How does the gene change cause symptoms in X-linked agammaglobulinemia?
The BTK gene produces a protein called Bruton tyrosine kinase. Because of a change in the gene, people with X-linked agammaglobulinemia do not produce enough of this protein. This protein is important in the process to create B cells, which are a type of white blood cell. B cells are part of the immune system; they can mature into plasma cells. Plasma cells produce antibodies. When Bruton tyrosine kinase is absent or not working properly, antibodies are not produced. Antibodies are specialized proteins that help to protect the body from germs and microorganisms like bacteria and viruses. Without enough antibodies, the immune system cannot protect the body from these harmful materials. People with X-linked agammaglobulinemia are highly susceptible to developing infections.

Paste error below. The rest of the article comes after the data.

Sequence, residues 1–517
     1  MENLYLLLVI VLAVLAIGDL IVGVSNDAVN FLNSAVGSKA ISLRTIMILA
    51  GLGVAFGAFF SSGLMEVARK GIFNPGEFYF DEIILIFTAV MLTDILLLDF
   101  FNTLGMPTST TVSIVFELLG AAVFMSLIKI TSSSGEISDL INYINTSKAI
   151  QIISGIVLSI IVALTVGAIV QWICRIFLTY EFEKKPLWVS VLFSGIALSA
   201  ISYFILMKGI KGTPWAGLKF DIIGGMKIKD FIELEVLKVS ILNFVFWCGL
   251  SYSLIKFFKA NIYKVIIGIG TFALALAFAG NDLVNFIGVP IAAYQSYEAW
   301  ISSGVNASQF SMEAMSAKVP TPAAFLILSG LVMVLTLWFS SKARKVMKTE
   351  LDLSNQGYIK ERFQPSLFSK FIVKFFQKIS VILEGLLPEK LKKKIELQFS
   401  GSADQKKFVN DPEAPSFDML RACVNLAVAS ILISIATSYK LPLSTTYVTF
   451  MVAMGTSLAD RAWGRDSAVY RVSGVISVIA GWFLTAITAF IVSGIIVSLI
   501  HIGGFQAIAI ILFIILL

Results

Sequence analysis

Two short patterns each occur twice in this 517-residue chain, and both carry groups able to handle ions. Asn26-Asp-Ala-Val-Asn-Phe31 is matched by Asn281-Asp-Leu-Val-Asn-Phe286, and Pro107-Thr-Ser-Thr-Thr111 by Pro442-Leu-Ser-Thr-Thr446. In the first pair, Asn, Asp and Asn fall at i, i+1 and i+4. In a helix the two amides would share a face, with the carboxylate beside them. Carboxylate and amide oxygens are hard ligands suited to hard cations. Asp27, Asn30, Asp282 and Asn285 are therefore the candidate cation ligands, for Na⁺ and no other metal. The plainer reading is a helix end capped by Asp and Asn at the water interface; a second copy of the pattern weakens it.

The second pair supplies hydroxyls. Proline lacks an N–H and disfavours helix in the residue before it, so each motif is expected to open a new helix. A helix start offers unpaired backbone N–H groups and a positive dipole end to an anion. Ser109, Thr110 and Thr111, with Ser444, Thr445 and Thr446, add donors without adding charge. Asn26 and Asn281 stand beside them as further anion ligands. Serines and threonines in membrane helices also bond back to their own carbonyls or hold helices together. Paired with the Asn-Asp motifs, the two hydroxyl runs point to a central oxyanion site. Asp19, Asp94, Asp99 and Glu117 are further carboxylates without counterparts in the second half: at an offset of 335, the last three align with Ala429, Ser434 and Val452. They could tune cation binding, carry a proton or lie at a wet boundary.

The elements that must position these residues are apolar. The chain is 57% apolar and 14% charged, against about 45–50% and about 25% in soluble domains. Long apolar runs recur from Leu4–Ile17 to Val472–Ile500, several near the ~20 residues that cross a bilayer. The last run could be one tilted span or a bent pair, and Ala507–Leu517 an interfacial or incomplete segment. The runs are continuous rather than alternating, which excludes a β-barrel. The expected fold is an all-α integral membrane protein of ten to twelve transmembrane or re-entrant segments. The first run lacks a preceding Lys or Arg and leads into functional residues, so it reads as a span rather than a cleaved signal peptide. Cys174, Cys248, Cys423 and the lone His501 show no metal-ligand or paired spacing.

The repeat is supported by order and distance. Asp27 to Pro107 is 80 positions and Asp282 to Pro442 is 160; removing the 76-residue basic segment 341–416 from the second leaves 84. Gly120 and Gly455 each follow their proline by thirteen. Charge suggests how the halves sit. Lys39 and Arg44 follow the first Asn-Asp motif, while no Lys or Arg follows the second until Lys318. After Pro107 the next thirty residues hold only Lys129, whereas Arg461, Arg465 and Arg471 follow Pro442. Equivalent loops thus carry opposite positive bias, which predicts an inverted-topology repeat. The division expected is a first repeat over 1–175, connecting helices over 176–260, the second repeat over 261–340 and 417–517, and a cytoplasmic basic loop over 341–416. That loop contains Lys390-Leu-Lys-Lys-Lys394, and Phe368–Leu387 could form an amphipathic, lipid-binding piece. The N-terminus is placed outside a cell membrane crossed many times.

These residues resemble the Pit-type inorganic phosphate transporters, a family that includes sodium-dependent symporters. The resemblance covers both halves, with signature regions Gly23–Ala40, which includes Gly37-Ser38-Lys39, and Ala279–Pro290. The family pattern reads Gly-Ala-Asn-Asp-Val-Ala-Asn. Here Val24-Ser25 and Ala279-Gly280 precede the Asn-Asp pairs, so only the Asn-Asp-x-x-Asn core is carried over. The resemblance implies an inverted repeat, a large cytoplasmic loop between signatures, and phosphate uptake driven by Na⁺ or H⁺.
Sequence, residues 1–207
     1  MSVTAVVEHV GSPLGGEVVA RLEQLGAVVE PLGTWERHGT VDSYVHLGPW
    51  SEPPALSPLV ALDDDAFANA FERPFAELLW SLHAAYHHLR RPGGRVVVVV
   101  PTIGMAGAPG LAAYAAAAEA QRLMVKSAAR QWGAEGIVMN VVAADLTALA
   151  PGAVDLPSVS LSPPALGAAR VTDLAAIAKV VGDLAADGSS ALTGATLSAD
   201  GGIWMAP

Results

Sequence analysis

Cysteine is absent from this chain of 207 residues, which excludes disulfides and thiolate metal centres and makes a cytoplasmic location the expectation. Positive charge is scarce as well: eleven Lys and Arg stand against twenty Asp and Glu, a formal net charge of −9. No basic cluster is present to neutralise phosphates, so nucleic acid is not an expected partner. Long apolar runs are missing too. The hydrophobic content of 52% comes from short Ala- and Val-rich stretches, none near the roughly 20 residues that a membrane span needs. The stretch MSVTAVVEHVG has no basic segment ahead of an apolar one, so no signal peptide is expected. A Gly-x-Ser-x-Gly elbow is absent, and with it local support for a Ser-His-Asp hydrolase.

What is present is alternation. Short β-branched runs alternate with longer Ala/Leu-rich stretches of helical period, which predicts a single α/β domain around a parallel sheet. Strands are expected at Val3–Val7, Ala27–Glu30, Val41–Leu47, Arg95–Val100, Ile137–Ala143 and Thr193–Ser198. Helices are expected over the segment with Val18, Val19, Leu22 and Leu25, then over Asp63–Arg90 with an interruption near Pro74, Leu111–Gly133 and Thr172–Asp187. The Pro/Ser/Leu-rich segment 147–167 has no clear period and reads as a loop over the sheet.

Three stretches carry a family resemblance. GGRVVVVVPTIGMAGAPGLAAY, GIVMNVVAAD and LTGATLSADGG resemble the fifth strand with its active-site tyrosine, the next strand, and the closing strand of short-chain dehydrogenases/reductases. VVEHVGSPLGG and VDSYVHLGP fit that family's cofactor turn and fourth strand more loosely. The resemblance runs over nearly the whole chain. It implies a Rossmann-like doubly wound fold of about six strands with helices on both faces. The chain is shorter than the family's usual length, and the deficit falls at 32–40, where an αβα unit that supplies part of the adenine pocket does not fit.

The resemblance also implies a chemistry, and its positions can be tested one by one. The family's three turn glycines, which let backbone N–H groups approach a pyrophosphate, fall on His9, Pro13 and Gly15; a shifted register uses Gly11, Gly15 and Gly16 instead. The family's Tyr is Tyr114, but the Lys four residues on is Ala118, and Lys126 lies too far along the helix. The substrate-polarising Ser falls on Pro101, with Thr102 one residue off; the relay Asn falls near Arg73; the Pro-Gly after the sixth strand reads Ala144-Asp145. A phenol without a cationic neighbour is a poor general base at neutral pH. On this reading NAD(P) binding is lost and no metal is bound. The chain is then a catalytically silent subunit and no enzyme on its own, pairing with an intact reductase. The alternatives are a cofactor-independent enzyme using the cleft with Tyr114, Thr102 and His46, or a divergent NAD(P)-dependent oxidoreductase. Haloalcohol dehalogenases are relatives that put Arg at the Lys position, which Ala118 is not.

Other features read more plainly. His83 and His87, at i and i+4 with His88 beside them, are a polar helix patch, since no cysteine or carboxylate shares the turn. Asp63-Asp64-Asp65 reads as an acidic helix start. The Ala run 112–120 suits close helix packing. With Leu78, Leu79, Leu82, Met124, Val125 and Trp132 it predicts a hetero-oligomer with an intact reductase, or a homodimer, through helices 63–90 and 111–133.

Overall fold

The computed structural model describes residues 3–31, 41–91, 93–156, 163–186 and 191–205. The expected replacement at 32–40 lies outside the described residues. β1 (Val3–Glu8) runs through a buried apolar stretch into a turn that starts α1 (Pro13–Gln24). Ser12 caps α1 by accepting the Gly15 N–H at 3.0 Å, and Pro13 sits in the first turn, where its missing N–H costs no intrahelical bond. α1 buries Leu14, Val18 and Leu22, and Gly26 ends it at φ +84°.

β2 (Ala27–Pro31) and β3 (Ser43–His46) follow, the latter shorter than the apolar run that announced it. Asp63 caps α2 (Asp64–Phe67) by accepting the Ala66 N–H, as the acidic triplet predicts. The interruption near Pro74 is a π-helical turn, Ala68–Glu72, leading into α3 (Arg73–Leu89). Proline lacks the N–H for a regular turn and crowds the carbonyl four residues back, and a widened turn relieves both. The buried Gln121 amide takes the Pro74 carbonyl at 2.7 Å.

X-linked Agammaglobulinemia. Genetic Home Reference website. https://ghr.nlm.nih.gov/condition/x-linked-agammaglobulinemia Accessed June 3, 2016.
Conley ME, Howard VC. X-linked Agammaglobulinemia. GeneReviews website. http://www.ncbi.nlm.nih.gov/books/NBK1453/ Accessed May 16, 2016.